Family. “My father gave me a passion for racing. I thank him for giving me the opportunity to race, which he never had,” says Calado. “The first race I saw in person was the Formula 1 GP in Silverstone in 1999. It was a magical Sunday, despite Michael Schumacher’s accident. He’s one of my heroes. The other? Ayrton Senna, who I admired for his speed and driving style.”
The beginnings. James’ first foray into motorsport proved encouraging. “I won my first karting race, while success in a single-seater came in Snetterton in 2008 in the first season of the British Formula Renault 2.0: it was one of the most intense emotions I’ve ever felt.” In the first season of karting, “my family went to great lengths: we couldn’t afford a hotel room, so at weekends I slept in the back of our old van, which became my bedroom. We couldn’t buy wet tyres either: I used slicks even when it was raining, a necessity that then helped me adapt quickly to every situation on the asphalt.”
His youth results bolstered his dream of becoming a professional driver. “Motorsport is a world which demands a lot of sacrifice in your private life. When you start achieving wins, it rewards those sacrifices,” he says. “Winning is everything for me. In the very last seconds before crossing the line or before my teammate passes under the chequered flag, I feel an indescribable sensation. It’s great to see the joy on the faces of all the people in the team and feel part of a group of winners.”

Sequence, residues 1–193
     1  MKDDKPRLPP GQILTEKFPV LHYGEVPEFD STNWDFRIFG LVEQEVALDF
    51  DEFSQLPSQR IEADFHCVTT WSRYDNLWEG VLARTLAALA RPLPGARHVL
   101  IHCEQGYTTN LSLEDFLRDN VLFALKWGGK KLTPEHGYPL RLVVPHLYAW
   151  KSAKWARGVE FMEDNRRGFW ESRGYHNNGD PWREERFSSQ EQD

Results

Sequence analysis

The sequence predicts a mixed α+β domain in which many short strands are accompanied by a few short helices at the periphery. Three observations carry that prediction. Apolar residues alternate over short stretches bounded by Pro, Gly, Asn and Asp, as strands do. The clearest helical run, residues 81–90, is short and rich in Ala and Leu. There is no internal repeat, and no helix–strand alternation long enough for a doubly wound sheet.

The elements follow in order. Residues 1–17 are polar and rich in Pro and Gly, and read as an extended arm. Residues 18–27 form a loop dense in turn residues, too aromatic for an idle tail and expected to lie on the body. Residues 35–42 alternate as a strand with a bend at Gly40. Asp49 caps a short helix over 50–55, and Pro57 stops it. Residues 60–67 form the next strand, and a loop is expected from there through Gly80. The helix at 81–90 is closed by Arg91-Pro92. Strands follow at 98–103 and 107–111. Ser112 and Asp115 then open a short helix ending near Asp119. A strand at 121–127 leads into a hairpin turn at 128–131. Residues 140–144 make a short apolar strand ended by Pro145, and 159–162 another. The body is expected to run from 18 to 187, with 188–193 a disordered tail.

The successes. As of 2014, James switched from single-seaters to GTs with Ferrari. “It takes time to reach a good level. The first hurdle to overcome was mental: not thinking individually any more, but as part of a team who share the car. Then we started down a road that would lead us to dominate in GT,” says the driver who has 12 WEC wins to his own name, including two in the 24 Hours of Le Mans (2019 and 2021). “The approach to the LMH is similar: a new challenge, a brand-new experience. There’ll be no shortage of pitfalls, starting with handling the traffic. I’m on a team with victory in its sights and we’ll do anything it takes to achieve it. My dream? Returning to the top step of the podium at Le Mans with the Hypercar.”